Frederick Ashton

Choreography

Frederick Ashton was born in Guayaquil in Ecuador on 17 September 1904. He was brought up in Peru, and it was there, in 1917, that he saw his first ballet. He was enthralled by Anna Pavlova's performance, and decided that he wanted to dance. Having come to England to work, he began to study with Léonide Massine, but family disapproval forced him to keep this secret. However, in 1926, after two years' tuition, Massine was no longer able to teach the 22-year-old Ashton and recommended him to Marie Rambert. It was she who convinced him of his potential as a choreographer, and he created his first choreography, A Tragedy of Fashion, a short while later.

In 1928, he joined Ida Rubinstein's company as a dancer under Bronislava Nijinska. Whilst he was with the company he became something of an apprentice to Nijinska. She was a hard taskmaster, but Ashton learnt a lot from her. He also danced in most of the company's performances, including Ida Rubenstein's famous interpretation ofBolero. However, Nijinska found having to give Ida Rubinstein a role in every new ballet very difficult and left the company. So, a year later, Ashton returned to Rambert's company for further instruction in choreography. Over the next few years, with works such as Capriol Suite (1930) and Façade (1931), he became known as a choreographer and was appointed Chief Choreographer of the Vic-Wells Ballet in 1935. He was to hold this position, in various guises, for 35 years. Many of his most celebrated ballets date from his time with the Company, as the Vic-Wells ballet, later Sadler's Wells Ballet and ultimately The Royal Ballet. These include Les Patineurs (1937), Dante Sonata (1940), Symphonic Variations, Scènes de ballet and Cinderella (1948). In 1950 he was made a CBE.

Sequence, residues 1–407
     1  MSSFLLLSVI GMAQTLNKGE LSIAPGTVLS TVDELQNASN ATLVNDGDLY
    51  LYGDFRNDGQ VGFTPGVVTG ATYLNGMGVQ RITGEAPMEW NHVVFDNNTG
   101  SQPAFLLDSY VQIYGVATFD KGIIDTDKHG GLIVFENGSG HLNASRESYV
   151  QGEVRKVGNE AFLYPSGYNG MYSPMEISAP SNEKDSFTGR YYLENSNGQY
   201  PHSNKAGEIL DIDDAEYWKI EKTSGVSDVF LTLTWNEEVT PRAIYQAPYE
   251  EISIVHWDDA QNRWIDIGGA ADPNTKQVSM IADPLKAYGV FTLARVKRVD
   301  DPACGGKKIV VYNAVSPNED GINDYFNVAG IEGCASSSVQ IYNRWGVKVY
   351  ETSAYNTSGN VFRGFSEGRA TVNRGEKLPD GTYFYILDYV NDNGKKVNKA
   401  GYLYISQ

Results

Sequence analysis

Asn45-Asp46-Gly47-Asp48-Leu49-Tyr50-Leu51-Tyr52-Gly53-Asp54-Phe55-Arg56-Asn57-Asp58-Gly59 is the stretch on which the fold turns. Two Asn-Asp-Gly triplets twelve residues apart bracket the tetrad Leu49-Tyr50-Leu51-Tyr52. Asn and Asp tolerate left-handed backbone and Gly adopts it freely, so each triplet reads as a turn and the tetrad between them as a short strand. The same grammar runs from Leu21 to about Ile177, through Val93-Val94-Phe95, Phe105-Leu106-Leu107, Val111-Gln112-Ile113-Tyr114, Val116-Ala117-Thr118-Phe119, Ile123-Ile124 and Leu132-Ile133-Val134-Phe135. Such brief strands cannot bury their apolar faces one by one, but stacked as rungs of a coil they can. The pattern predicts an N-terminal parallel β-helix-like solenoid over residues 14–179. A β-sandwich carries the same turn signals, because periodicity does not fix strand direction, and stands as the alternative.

In 1952 he was made Associate Director of The Royal Ballet and he continued to choreograph. Two of his best-known works, La Fille mal gardée (1960) and The Two Pigeons (1961), date from this time. In 1962 he was knighted and made a Chevalier of the Légion d'honneur and a year later was appointed Director of the Royal Ballet.The Dream, Monotones (I and II) and Enigma Variations were all premiered with The Royal Ballet in the late 1960s before his retirement in 1970.

After his retirement, Ashton continued to choreograph and worked on three ballet films. One of these was The Tales of Beatrix Potter, in which he appeared himself, as Mrs Tiggy Winkle. He created his last work, Rhapsody, in 1980 and died in Sussex in 1988, aged 84.